The film stands out with its special place among the mass of Bulgarian productions. The place of production of Todor Dinov and Hristo Hristov in the classification film groups is specific. The interesting thing about the Iconostasis is that it is always in a hybrid position. He is from both, but not at the same time. There are few in this individual and neutral position and are some of the most complete Bulgarian film productions.
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Here are some of the groups in which the film takes this position. The first consists of productions belonging to the so-called. historical cinema. The iconostasis, although in this group, does not fully meet the norms of the definition of historical cinema. Unlike productions such as "The Prince," "Day of the Rulers," "Time of Separation," "The Case of 205," etc., the film belongs to those "historical films" that do not intend to fill only the gaps in historical knowledge. It has two functions, looking at history both historiographically and historically.
Thematically related to history, he relativises it. Along with the use of her cognitive side, her other person is also used as material for socio-moral artistic processing and her enlightening function. The epoch of struggle for church independence is being recreated, but at the same time different social-moral norms are embodied, brilliantly embodied in the images of Sultan, Stoyan, Lazar, Catherine, and Raf Klinche. The story in the film occupies its dominant place, but at the same time it is free from sociological review and educational and propaganda reflections.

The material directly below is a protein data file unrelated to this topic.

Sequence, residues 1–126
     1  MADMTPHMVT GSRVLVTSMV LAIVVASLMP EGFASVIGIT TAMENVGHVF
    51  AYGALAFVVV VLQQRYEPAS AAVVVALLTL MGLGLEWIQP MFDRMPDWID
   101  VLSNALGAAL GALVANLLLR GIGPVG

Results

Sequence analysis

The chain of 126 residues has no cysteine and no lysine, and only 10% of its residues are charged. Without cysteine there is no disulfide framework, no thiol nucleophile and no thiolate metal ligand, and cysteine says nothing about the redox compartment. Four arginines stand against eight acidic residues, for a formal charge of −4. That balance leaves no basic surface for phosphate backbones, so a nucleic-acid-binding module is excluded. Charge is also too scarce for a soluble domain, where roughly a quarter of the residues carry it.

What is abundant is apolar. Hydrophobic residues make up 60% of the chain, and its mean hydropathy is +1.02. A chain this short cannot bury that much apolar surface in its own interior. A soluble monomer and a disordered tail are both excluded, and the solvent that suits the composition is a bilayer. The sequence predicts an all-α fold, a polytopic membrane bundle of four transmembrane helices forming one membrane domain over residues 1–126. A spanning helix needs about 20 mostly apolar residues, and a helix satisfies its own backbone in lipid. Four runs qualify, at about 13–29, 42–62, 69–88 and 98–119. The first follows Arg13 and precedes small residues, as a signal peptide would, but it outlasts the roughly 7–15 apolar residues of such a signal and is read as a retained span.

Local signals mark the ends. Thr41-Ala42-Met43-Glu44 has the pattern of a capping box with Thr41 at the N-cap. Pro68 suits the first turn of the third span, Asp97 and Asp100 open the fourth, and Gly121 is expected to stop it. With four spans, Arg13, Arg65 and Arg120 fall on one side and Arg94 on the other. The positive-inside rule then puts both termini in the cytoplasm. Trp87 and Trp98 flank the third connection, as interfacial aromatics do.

Footage from the movie "The Iconostasis" / BNT
Another classification, in which the production occupies the same hybrid position, is related to the so-called. "Supermoralism" in Bulgarian films. The "Iconostasis" remains beyond the reach of the super-moralism so characteristic of our native cinema, which makes it more complete, bringing it closer to European and world models. In Dinov's work - there is morality of Christ, because this is a mandatory feature of Bulgarian cinema, but without the prefix "super".
And the third group, in which the film occupies a specific place, is the group, conditionally designated by the researcher Krasimir Krumov, of the individualist and non-individualist cinema. The first are authors who portray themselves more than the Bulgarian mental and behavioral mentality. The latter include the so-called. "Peoples" who give a more accurate idea of the essence of Bulgarian life and spirituality. There is no interplay between these two groups, to some extent damaging our home cinema. There are a few films that see a certain diffusion between these two origins, and "Iconostasis" is one of them.
In general, it can be said that the film reading of Dimitar Talev's "Iron Lamp" occupies similar relative positions due to the absence of the "over" prefix in the depicted being categories. It is her lack of touching her to a different start, but at the same time retaining the established pattern model. It is historiographic, but not overly historiographic. He is historically philosophical, but not super historiographical. He is individualistic, but not overly individualistic. He is non-individualistic, but not super-non-individualistic, and he has morality, but he is not super-moral.